10/19/2013 10:16 EDT | Updated 01/23/2014 06:58 EST

SPOILER ALERT: Air Pollution is bad for you.

This may come as no surprise to many of you left-leaning "loons", who believe in things like climate-change, science and...math, but air pollution has been linked to lung cancer.

Yes, the mainstream media, also known as the World Health Organization's International Agency for Research on Cancer (IARC), officially announced outdoor air pollution as a Group 1 carcinogen. The same group which houses such killers as Asbestos, Mustard Gas, sunlamps and tanning beds, and tobacco products.

Air pollution, already having been linked to increased risks of various respiratory and heart diseases, has now been thoroughly reviewed by scientific experts (not political pundits), has been linked to 223,000 lung cancer related deaths worldwide in 2010.

This particular topic hits particularly close to home for me, as my father passed away from lung cancer almost 2 years ago. Full disclosure though, he also smoked for the better half of his life.

However, I do not think society has been as intentionally naïve with the effects of first and second hand smoke as it has been with air pollution. I do not know of a place in this province where someone could smoke inside of a public space; and municipalities are making it much harder to smoke on outdoor patios as well. Needless to say, smokers do not attempt to minimize the effects of smoking, nor are tobacco manufacturers able to market their products freely.

Taking a moment to observe our surroundings, the alleged use of mustard gas was one of the catalysts for international intervention in Syria, politicians continue to legislate against the use of tanning beds (especially by youth), and the Canadian federal government has undertaken several asbestos removal projects in some of their older buildings. We obviously "get it"; things that cause cancer are bad.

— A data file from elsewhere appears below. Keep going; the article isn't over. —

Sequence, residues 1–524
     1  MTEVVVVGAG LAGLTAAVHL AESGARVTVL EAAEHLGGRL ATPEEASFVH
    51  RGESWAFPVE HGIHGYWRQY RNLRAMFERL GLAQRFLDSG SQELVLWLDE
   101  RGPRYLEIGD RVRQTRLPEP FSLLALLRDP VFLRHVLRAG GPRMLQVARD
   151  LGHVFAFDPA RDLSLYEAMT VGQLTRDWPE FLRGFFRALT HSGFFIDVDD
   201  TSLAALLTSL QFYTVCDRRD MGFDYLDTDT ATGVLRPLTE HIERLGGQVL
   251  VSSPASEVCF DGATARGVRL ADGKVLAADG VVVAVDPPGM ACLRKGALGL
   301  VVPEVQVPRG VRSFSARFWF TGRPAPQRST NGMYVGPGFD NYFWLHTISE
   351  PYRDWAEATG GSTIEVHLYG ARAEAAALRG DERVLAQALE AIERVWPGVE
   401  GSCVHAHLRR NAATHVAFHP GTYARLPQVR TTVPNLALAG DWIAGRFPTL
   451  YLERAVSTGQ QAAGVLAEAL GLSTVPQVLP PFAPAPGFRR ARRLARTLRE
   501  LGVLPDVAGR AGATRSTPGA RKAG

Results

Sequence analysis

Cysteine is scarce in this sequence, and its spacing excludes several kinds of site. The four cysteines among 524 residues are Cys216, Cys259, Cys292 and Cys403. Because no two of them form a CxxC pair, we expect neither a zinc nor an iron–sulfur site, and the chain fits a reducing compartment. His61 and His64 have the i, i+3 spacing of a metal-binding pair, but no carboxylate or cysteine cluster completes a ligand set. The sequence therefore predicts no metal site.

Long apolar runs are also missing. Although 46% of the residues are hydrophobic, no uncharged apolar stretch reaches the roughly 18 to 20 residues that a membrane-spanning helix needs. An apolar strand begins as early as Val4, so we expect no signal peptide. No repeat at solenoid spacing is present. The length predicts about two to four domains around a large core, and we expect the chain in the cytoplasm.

So what makes "air pollution" so different? Well, some may question the concept's legitimacy, like dinosaur fossils, or even suggest conflicting expert opinion on the subject.

Well, no doctor I know, or politician for that matter, smokes a pack a day, living in their 3-storey asbestos- laden homes, going on tanning dates with "Tan Mom". John Boehner only has time to do one out of the four (it would have been two, but I think he prefers to tan alone). But other than Mr. Boehner, you will not find too many wanting to be exposed to that sort of risk. And neither should we.

The good news is that even the experts think there is hope, and acknowledge that there are effective ways to reduce air pollution (see Nature of Things etc.). IARC has even gone as far as indicating that their latest report should send the international community a "strong signal" to "take action without further delay"; think of it as a giant warning label on the cigarette pack that is air. Hopefully the font is big enough.

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